580 days sober: Two brothers
I have been sober 580 days.
Last Sunday my brother turned 39. We both have struggled with addiction most of our adult lives.
There is much debate whether addiction is influenced by nature (genetics), nurture (learned) or choice (free will).
I cannot help but look at my brother and myself through a scientific lens. Our life is as close as I can get to observing addiction with a semblance of scientific method. We were born 3 years apart, in the same small town to the same parents with similar DNA and elementary education.
If anything, life is a grand experiment in circumstance and choice.
We do not choose when we are born, where we are raised or the genes in our DNA. We start life as a propagation of statistical probabilities influence by randomness and decisions, fortune and misfortune, made by our parents and our ancestors.
Is it your choice to be born with a hereditary predisposition to alcoholism?
Could anyone have predicted we live in a time when opioids are mass produced as medicine for the profits of others?
Or that economic and cultural disparities between rural counties and urban centers would leave little opportunity for your personal growth, entertainment and fulfillment?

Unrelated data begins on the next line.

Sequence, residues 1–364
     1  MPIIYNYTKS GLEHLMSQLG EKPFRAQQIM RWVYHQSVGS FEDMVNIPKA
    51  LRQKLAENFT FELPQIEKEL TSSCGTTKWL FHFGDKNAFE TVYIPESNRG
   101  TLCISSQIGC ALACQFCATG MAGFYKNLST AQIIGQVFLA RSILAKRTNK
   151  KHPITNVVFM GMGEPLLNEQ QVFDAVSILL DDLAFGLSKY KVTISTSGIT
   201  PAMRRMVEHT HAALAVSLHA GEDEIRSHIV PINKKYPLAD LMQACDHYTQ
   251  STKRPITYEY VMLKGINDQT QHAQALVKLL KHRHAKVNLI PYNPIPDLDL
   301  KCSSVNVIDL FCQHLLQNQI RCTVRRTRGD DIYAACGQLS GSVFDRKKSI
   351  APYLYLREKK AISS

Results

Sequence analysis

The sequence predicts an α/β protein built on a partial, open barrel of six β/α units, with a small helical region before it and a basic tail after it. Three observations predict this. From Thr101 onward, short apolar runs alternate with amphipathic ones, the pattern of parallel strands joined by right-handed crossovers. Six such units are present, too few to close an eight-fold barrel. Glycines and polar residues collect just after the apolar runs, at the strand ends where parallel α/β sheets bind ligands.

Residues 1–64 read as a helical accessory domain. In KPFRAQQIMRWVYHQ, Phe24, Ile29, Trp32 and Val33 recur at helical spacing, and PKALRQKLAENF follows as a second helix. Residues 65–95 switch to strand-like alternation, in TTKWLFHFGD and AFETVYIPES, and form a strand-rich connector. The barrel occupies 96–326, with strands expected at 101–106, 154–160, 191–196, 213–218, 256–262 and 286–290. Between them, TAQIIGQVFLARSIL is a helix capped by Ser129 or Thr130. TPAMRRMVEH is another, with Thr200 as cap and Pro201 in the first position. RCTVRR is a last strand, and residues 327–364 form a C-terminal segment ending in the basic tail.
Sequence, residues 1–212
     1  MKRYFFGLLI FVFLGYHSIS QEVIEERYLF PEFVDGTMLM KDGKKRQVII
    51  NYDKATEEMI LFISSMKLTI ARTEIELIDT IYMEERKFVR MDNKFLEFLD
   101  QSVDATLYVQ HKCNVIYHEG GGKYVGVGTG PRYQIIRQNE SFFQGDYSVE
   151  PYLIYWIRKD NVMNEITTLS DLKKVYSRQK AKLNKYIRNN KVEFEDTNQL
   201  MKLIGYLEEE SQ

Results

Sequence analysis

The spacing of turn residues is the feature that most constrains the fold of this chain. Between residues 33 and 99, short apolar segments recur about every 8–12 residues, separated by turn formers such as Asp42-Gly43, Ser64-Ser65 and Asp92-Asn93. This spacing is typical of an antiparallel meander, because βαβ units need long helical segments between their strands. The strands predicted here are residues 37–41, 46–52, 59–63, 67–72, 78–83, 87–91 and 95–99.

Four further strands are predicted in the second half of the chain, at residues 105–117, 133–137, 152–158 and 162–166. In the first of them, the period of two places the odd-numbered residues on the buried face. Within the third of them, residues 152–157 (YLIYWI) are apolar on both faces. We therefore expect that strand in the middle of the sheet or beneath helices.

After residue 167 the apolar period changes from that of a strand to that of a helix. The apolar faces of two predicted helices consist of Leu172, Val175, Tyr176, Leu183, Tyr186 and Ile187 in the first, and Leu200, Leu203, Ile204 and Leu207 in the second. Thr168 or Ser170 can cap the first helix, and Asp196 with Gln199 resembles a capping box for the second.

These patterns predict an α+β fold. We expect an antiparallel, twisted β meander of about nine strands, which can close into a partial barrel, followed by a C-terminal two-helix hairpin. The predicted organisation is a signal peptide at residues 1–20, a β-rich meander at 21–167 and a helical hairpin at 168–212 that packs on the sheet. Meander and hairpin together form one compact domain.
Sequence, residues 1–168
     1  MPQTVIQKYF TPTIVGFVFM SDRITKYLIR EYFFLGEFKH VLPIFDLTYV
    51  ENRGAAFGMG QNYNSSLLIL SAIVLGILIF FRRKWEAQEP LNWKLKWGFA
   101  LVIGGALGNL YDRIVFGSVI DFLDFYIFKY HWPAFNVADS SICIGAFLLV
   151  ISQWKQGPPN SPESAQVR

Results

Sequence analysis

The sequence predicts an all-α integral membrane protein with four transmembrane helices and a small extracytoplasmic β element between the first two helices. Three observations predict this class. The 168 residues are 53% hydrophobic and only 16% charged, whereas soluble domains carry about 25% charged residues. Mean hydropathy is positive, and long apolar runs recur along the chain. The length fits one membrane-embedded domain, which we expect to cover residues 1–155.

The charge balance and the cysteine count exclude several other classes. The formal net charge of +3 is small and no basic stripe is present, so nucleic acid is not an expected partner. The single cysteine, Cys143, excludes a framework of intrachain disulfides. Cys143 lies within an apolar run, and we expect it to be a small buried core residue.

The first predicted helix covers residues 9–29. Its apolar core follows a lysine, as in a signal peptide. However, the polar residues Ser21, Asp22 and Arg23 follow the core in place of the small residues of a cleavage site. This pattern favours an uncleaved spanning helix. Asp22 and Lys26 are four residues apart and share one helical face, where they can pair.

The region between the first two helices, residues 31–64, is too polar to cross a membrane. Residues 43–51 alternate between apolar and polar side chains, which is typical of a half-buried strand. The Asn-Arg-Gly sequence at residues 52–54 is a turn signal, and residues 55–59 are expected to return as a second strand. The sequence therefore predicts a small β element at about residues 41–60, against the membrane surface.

Is it really a choice at age 14 to smoke your first joint when your older brother is modeling that behavior?
Have we not all made choices to hide insecurities and garner approval?
Do I hold this up as an excuse for an addict's behavior? No. Why? Because none of this matters today. It is in the past. The only thing that matters is now and next.
I write this to help others understand that addiction is not as simple as a moral decision nor can it be excused as a hereditary disease.
These conditions, circumstances and choices leave impressions on your mind and form patterns in your brain. This determines behavior.
These impressions and patterns can be changed. I promise you. At age 39 I was a drunk and saw very little reason to live. Now I am beyond grateful for the life I have.
Nature. Nurture. Choice. It simply does not fucking matter. What matters is that we don't give up. What matters is that we help as many people as we can.
Make a new impression. Start a new pattern.